Posted in Preschools The Marigold School of Early Learning

Reggio Inspired Provocations with Flowers

As a Teacher I know there are countless ways in which to implement lessons, set up provocations, encourage interests for young children, so I thought I would show some ways in which I like to set up a simple provocation. Initial set up is aesthetically pleasing to me, the adult, but I never know for sure if a provocation will be a success unless I see young people not just look at it, but actually engage.

What you see below is a clean, neat simple display for a provocation.  However, when young children’s interests are peaked and curiosity is too great, then we end up with the process, which is messy, fun, and full of insight into how a young mind acquires knowledge through environmental engagement.

If you’ve set up similar or even vastly different, yet simple provocations please share your wonderful ideas and outcomes!  I would love to read about your teaching experiences using inspiration from the Reggio Emilia Approach.

Heidi's School Pics 032  For this example of a provocation I used oil pastels and pencils for tools.

Heidi's School Pics 027  For the second example of a provocation I set out crayons and pencils.

A third idea I had is to use the mini art easels I see in the craft stores and set up a picture on each side.  Pictures area great provocations as well.

Be ready to stand in as a scribe and write word for word what your young students or children dictate to you.  A child’s own words can be a catalyst for continued  and internal interest to learn how to write and read.  Early Literacy has many layers to the strong foundation, so let’s take advantage when we can to keep building onto each layer.

Heidi's School Pics 014  You may not be able to see, but I managed to capture one or two bees on my flowers!  This would work for a provocation not simply because of the flowers, but because of the bees.  So many exciting inspirational ideas, stories and massively creative artwork can come from a simple picture! 🙂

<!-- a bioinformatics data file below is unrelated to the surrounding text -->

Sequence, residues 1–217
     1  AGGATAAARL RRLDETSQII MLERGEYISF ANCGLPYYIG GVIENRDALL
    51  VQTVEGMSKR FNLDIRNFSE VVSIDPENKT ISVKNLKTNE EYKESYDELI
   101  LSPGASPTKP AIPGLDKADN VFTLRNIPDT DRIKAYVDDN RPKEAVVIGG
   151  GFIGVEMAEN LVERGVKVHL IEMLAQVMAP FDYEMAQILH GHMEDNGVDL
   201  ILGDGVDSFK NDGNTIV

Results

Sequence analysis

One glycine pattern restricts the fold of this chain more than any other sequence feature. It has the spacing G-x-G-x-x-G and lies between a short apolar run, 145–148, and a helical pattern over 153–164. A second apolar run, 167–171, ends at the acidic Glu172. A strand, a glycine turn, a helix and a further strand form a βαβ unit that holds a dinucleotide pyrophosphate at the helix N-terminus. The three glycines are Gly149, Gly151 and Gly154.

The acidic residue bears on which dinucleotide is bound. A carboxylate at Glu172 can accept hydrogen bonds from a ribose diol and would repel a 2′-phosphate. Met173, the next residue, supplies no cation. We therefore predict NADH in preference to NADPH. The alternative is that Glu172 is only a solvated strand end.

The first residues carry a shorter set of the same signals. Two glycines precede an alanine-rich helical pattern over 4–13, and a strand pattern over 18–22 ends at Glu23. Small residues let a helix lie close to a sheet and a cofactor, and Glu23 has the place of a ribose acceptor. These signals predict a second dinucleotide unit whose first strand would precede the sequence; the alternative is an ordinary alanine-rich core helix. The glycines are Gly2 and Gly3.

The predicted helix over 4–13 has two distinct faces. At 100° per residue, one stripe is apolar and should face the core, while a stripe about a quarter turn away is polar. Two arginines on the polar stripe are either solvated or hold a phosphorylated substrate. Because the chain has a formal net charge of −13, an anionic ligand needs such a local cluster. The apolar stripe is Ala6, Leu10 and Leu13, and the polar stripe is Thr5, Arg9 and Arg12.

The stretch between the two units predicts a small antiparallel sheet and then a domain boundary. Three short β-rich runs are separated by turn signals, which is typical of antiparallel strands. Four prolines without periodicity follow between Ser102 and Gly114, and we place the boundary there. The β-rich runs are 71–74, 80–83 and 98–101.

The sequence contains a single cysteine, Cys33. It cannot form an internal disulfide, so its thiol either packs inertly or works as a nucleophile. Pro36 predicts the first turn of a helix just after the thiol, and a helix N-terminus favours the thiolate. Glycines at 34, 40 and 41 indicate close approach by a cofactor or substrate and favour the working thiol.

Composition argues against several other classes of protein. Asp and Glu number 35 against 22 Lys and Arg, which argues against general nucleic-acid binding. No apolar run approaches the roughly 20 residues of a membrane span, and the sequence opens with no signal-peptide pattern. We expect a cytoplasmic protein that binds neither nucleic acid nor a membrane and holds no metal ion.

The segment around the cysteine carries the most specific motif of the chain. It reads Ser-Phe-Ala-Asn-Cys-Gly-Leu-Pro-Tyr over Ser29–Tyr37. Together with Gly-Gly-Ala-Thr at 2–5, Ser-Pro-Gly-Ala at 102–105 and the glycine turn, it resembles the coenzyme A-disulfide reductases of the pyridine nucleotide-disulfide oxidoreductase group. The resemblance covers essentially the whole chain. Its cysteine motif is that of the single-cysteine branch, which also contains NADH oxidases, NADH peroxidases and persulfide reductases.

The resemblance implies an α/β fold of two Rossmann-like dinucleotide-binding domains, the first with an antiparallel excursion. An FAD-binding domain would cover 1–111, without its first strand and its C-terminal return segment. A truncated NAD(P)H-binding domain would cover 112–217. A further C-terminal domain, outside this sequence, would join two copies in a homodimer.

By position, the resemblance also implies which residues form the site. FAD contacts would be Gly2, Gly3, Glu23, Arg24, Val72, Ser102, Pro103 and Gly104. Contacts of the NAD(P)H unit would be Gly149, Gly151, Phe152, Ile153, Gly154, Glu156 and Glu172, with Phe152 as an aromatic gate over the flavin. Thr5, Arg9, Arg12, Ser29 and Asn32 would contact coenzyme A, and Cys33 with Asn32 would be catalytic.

I find that so many ideas for lessons, provocations, projects and collaborations come from watching, listening and engaging in meaningful conversation with young children.  Do you find that to be the case as well?  Please post your comments and let me know. 🙂

Heidi, The Marigold School of Early Learning

Posted in Preschools The Marigold School of Early Learning (Marigold)

Rhododendrons!

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I always forget how quickly spring flowers come and how in one blink they can be gone.  I ran outside to capture one of my favorite rhododendrons in my yard.  I don’t know the name of this one.  I love the violet color! 

If anyone has a favorite color please share! 🙂  Also, I may do a post on how I set up a fun provocation for preschool aged children using rhododendrons and other lovely flowers. 🙂

Heidi

Posted in Preschools The Marigold School of Early Learning

Frosting Flowers

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Hi!  This was a gluten, dairy and potato free vanilla and chocolate cake with vanilla butter cream frosting I made about two months ago.  My parents loved it!  The blue flowers turned out, but my pink ones had troubles.  Oh, the butter cream is made with a non-hydrogenated margarine and shortening.

I think it would be fun in the future to have my students play around with frosting flowers.  I think it would be amazing to see what creations for cakes each would come up with.  I will definitely document the whole process.  I want to emphasize how deserts can be a bit less harmful to our health when we use organic and natural, for the most part, ingredients.

Any Preschool Teachers, Parents of Chefs out there that have taught young preschool aged children how to bake and decorate desserts?  I welcome your experiences, so please share if you like. 🙂

Heidi, The Marigold School of Early Leraning

Posted in Preschools The Marigold School of Early Learning

Spring plants

Heidi's School Pics 003                                                                                                                                                                                                                                                                              I used to have a plant very similar to this purple spider wart, but the leaves were shorter.  Does anyone have a spider wart or a plant similar to this one with shorter leaves?  I would love to find the shorter leaf variety again.  (Please forgive me, I don’t know the scientific name for the plant.)

Heidi, The Marigold School of Early Learning